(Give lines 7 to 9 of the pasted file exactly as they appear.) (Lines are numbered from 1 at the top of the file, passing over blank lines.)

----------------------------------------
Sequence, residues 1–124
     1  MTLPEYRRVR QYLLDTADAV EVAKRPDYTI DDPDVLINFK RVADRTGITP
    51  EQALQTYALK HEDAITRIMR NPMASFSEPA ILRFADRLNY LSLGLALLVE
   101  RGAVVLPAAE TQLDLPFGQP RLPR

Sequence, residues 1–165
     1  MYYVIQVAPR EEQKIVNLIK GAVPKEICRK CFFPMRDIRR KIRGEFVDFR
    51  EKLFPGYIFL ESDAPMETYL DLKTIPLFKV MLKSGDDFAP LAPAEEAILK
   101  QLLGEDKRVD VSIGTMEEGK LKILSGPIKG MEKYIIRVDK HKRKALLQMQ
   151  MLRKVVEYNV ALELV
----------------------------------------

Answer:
    51  EKLFPGYIFL ESDAPMETYL DLKTIPLFKV MLKSGDDFAP LAPAEEAILK
   101  QLLGEDKRVD VSIGTMEEGK LKILSGPIKG MEKYIIRVDK HKRKALLQMQ
   151  MLRKVVEYNV ALELV